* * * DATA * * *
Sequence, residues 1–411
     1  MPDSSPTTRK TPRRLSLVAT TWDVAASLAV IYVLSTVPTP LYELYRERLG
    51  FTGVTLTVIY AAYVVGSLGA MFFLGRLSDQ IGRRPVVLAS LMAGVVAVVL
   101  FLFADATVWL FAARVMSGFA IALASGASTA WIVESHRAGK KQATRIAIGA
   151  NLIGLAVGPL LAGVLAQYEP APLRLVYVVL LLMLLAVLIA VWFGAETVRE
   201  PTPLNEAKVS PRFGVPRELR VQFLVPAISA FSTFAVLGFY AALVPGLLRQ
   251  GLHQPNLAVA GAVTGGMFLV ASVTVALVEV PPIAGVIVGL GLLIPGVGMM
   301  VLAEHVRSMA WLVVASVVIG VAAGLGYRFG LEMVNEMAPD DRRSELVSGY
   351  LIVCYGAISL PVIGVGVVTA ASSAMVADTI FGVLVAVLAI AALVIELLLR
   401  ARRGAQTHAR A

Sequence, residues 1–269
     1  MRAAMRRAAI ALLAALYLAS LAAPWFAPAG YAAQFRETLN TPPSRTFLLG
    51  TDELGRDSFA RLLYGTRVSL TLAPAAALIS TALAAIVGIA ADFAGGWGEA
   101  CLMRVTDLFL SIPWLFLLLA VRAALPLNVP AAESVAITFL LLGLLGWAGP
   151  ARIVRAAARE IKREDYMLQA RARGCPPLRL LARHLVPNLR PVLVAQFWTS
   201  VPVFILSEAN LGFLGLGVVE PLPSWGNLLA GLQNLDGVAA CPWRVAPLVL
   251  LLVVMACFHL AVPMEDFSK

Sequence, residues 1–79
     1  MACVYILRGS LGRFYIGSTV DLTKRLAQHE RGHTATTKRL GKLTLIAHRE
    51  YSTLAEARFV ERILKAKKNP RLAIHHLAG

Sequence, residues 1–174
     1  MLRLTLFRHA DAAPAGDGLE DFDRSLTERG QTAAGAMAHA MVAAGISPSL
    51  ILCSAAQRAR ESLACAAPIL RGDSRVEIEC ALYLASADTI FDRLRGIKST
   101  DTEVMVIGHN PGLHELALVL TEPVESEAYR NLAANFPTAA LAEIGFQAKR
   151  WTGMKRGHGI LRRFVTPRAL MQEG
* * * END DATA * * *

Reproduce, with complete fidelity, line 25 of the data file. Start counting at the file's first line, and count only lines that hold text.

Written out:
   151  WTGMKRGHGI LRRFVTPRAL MQEG